This project collected and shared water data in the Horn River Basin and South Peace region to improve industry practices and to provide the information required to make informed decisions about water and natural gas extraction.
The Horn River basin is one of the most significant natural gas basins in North America. It covers an area roughly the size of Jamaica (11,000 km2) and spans 42 major watersheds.
Knowledge of aquifers for water use and disposal is vital for the responsible extraction of natural gas in the Horn River Basin. The data collected by this project can be used by First Nations, government, industry and local communities to better understand the availability of water resources and the impact upon them of natural gas extraction in the region. Geoscience BC has been working in the Horn River basin since 2009. This phase of work started in 2011 and expanded the water monitoring network into the South Peace Region. (Click here to view Horn River Basin project page).
The primary goal of this baseline monitoring program was to characterize and share information about surface water and to collect water flow data. Objectives were:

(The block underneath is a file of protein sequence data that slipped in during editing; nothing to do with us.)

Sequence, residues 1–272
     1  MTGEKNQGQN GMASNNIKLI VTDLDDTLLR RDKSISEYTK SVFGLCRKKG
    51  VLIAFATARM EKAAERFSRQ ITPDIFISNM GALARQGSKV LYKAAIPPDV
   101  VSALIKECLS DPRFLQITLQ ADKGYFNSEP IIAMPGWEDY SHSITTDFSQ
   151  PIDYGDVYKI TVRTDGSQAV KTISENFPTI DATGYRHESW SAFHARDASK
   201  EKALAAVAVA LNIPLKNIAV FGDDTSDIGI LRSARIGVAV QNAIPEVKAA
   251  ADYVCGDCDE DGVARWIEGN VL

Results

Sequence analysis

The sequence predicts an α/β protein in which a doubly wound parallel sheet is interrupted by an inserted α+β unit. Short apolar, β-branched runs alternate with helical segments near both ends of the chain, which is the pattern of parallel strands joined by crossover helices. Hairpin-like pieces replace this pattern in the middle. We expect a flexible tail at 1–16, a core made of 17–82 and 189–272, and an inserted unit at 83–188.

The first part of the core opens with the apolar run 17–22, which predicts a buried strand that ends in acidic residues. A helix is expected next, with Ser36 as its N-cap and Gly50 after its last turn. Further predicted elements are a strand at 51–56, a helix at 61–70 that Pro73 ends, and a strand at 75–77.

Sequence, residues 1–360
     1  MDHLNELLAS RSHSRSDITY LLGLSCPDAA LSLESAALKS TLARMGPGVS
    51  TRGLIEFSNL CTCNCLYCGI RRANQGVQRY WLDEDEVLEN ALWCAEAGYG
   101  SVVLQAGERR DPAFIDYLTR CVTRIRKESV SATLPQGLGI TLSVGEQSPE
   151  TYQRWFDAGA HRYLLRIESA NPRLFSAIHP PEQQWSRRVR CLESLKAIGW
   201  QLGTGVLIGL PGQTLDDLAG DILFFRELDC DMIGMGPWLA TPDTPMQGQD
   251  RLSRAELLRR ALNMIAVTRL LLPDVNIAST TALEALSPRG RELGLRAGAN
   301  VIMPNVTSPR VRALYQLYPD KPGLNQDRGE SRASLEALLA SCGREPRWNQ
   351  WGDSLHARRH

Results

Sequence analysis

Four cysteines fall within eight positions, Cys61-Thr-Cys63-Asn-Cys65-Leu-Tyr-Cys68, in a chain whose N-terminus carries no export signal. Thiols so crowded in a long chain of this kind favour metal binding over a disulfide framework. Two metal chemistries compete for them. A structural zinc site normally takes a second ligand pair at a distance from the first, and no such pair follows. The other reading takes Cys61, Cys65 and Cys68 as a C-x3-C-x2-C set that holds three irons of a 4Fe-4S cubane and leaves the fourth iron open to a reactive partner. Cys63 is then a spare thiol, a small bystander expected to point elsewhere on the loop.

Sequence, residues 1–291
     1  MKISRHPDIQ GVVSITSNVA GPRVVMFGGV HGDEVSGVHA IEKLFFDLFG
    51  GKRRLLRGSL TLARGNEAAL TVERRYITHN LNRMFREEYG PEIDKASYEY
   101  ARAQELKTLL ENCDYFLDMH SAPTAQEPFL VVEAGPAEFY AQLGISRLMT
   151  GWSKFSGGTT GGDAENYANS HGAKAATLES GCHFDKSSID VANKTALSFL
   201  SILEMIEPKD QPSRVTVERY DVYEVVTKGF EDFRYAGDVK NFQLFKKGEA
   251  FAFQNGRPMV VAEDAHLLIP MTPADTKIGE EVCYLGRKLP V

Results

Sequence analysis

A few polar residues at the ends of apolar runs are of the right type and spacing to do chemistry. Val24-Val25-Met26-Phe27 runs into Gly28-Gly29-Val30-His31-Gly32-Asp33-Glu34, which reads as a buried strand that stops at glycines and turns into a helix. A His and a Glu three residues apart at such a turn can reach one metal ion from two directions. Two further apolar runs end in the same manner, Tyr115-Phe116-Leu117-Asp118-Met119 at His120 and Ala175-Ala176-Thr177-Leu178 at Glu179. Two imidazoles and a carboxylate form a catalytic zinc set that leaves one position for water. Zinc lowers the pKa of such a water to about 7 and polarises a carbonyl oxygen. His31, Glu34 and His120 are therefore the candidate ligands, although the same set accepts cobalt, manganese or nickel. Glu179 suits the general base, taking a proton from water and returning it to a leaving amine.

Data generated by the Horn River Basin projects enables responsible natural gas extraction in the region by ensuring natural gas extraction only takes place in appropriate locations.
For 2016, monitoring stations were updated so that all sites provide real-time data and locations.
The project covered seven sites in the Horn River Basin. For 2016 these were:
New sites in the South Peace Region in 2016:
A list of sites for monitoring was agreed between Geoscience BC, the BC Oil and Gas Commission and project proponents Kerr Wood Leidal (KWL) and Peace Country Technical Services (PCTS).
Seven stations that had been monitored by KWL and PCTS from 2011 to 2015 were reviewed, with a recommendation to move three stations to new locations in the Kiskatinaw River Watershed, close to Dawson Creek. At the same time, it was recommended that these stations were upgraded to provide real-time data consistent with the stations staying in place. The real-time stations consist of a data logger fixed inside an enclosure and placed beside the stream bank above the maximum flood level. Stage (water elevation) data from the streams is collected using pressure transducers inserted into protective metal sleeves and inserted into the stream bed/bank. Real-time data was uploaded every six hours, with data from each site reviewed alongside field notes and Stage Discharge Relationship data to ensure quality and consistency. All work was conducted the Manual of British Columbia Hydrometric Standards ‘Grade A’.